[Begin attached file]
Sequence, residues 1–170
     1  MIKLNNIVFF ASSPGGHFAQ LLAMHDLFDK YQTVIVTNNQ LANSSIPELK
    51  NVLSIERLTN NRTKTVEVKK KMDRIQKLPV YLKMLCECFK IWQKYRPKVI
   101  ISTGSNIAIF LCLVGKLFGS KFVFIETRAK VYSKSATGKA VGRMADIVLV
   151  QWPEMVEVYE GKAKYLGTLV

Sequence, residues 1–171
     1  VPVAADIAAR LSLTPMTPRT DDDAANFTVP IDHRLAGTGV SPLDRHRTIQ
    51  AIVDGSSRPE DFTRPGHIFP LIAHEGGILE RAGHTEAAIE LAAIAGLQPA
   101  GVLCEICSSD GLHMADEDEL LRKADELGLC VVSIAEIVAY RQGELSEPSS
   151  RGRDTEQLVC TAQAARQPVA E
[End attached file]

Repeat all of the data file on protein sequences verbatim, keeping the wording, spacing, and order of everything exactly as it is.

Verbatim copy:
Sequence, residues 1–170
     1  MIKLNNIVFF ASSPGGHFAQ LLAMHDLFDK YQTVIVTNNQ LANSSIPELK
    51  NVLSIERLTN NRTKTVEVKK KMDRIQKLPV YLKMLCECFK IWQKYRPKVI
   101  ISTGSNIAIF LCLVGKLFGS KFVFIETRAK VYSKSATGKA VGRMADIVLV
   151  QWPEMVEVYE GKAKYLGTLV

Sequence, residues 1–171
     1  VPVAADIAAR LSLTPMTPRT DDDAANFTVP IDHRLAGTGV SPLDRHRTIQ
    51  AIVDGSSRPE DFTRPGHIFP LIAHEGGILE RAGHTEAAIE LAAIAGLQPA
   101  GVLCEICSSD GLHMADEDEL LRKADELGLC VVSIAEIVAY RQGELSEPSS
   151  RGRDTEQLVC TAQAARQPVA E